The World's Largest Invertebrate

Architeuthis dux

This is the species commonly known as the giant squid. Because scientists do not know exactly where in the sea it lives, they have not been able to study it alive.

How big does it get?

Look at the diver above and compare with the illustration of Architeuthis to see how enormous that is. And scientists probably haven't found the largest specimen!

Where does it live?

Dots on the map indicate where specimens have been caught or found stranded. Scientists suspect giant squid live mostly at depths of 200-700 m (660-2,300 ft).

Where did this specimen come from?

Washed ashore on Plum Island, Massachusetts, in 1980, it is only the third giant squid found stranded on U.S. shores.

Total length of specimen: 2.7 m (9 ft)
Weight: 200 kg (440 lb)
Sex: female
Missing parts: long feeding tentacles and maroon-colored skin. They were lost when the squid washed ashore.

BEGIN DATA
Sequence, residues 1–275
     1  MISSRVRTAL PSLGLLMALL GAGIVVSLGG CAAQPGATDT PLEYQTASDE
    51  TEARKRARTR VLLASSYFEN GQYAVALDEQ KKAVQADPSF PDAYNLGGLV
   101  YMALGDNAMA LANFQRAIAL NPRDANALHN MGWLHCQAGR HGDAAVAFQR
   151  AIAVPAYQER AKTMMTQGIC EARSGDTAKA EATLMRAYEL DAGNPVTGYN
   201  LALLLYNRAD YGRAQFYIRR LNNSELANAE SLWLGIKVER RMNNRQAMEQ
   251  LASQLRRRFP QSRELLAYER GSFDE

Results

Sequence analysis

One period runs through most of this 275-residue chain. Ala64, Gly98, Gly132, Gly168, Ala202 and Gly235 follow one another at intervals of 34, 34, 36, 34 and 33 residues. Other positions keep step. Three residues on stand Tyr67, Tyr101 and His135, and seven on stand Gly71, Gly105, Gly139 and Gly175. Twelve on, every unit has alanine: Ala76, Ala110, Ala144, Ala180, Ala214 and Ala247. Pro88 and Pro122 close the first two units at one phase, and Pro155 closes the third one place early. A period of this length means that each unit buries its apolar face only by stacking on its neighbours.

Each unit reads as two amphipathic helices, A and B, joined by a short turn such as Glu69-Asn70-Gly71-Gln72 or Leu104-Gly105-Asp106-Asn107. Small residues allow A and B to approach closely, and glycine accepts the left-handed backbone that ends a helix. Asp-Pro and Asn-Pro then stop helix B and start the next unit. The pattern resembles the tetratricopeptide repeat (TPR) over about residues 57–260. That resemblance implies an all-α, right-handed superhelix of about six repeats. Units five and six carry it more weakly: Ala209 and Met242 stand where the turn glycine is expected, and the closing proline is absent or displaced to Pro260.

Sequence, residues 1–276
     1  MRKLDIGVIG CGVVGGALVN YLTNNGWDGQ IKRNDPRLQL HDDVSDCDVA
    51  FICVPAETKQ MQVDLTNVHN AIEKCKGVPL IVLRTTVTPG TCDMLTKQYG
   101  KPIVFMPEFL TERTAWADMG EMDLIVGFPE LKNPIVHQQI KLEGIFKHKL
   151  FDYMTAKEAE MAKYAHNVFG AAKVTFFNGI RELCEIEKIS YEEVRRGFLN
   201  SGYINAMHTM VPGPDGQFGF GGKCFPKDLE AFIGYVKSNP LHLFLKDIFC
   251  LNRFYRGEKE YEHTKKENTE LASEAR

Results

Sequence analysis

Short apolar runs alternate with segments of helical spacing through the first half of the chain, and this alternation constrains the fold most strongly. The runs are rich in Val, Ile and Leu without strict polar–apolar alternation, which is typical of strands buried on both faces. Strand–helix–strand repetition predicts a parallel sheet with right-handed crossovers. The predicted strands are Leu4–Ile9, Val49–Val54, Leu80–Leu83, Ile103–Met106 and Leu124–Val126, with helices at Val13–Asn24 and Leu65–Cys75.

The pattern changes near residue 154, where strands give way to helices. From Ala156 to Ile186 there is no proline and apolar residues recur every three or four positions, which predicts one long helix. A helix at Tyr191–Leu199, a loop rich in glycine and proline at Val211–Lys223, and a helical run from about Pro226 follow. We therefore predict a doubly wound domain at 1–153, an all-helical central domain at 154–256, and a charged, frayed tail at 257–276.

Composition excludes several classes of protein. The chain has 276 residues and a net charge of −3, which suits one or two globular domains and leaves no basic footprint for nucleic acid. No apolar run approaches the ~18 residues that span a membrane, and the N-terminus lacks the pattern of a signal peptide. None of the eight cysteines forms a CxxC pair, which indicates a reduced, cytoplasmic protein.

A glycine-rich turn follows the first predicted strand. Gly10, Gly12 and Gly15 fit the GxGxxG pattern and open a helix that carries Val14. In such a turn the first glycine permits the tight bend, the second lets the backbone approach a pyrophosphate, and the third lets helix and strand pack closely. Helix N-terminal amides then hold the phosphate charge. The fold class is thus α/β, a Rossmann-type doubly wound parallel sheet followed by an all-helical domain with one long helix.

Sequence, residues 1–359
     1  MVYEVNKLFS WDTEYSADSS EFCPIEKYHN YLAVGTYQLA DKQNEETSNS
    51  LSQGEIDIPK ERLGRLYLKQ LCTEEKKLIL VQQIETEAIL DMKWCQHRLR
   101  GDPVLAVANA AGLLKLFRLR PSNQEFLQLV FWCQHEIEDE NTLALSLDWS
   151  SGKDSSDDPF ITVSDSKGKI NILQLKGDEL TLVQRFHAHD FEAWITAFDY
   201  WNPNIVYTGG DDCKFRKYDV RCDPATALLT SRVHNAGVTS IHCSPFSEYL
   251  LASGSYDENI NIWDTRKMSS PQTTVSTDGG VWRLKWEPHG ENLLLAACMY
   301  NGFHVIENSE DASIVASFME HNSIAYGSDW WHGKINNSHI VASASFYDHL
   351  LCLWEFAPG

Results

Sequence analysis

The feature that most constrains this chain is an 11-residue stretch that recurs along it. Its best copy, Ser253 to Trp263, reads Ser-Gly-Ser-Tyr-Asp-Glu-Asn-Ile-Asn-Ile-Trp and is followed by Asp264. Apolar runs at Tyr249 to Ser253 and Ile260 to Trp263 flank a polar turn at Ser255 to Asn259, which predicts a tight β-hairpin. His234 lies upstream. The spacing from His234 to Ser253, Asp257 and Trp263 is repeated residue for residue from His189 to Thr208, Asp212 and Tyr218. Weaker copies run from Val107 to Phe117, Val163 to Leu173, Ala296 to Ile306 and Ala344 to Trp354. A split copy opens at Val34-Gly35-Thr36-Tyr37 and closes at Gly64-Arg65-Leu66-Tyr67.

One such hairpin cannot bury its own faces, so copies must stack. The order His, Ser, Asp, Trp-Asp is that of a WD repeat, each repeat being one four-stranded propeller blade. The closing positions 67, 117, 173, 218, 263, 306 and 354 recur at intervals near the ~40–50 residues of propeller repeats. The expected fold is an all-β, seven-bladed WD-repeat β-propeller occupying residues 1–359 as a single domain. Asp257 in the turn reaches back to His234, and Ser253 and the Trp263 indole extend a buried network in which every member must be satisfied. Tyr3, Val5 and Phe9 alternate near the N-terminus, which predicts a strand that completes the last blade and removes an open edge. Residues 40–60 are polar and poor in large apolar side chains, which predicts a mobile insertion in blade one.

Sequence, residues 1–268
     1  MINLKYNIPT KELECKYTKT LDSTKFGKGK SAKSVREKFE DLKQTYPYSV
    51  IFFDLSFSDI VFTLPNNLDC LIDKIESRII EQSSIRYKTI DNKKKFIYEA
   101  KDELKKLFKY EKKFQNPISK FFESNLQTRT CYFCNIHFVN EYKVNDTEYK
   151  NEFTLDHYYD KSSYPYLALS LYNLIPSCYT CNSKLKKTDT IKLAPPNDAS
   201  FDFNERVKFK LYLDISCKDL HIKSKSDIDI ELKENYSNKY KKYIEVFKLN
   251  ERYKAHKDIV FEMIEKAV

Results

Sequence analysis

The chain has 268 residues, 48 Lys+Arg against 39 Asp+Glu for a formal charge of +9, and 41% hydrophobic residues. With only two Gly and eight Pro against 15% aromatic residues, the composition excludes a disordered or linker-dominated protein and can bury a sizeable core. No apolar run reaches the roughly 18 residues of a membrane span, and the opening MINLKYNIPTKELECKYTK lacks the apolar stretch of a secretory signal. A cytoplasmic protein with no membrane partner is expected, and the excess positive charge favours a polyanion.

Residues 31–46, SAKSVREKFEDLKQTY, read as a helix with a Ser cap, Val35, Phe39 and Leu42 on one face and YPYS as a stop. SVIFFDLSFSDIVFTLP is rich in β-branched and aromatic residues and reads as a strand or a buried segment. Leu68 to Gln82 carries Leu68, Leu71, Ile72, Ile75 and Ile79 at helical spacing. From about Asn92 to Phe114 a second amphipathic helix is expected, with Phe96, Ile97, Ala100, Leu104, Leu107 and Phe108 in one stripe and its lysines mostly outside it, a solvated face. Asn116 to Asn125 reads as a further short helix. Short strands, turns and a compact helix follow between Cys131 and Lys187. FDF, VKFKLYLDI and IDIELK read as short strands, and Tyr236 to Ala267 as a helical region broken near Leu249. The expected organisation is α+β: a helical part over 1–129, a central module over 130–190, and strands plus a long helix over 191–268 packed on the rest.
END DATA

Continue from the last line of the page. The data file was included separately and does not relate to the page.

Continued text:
Estimated length with feeding tentacles: 9 m (30 ft)

What does it eat?

Mainly fishes and other squids, based on scientific analysis of the stomach contents of two giant squid specimens.

Can you find these parts on the specimen in the tank?

Head: houses a complex brain.
Eyes: largest in the animal kingdom. They can grow to 25 cm (10 in.) in diameter--about the size of a volleyball.
Fins: relatively small in this species. They help balance and maneuver the huge animal as it swims.
Mantle: the main body. This muscular sac contains most of the organ systems.
Arms (8): studded with two rows of suckers.
Feeding tentacles (2): missing in this specimen.
Funnel: a multipurpose tube used in breathing, jetting, squirting ink, laying eggs, and expelling waste.

Ocean Planet Exhibition Floorplan

Smithsonian Giant Squid Overview Page

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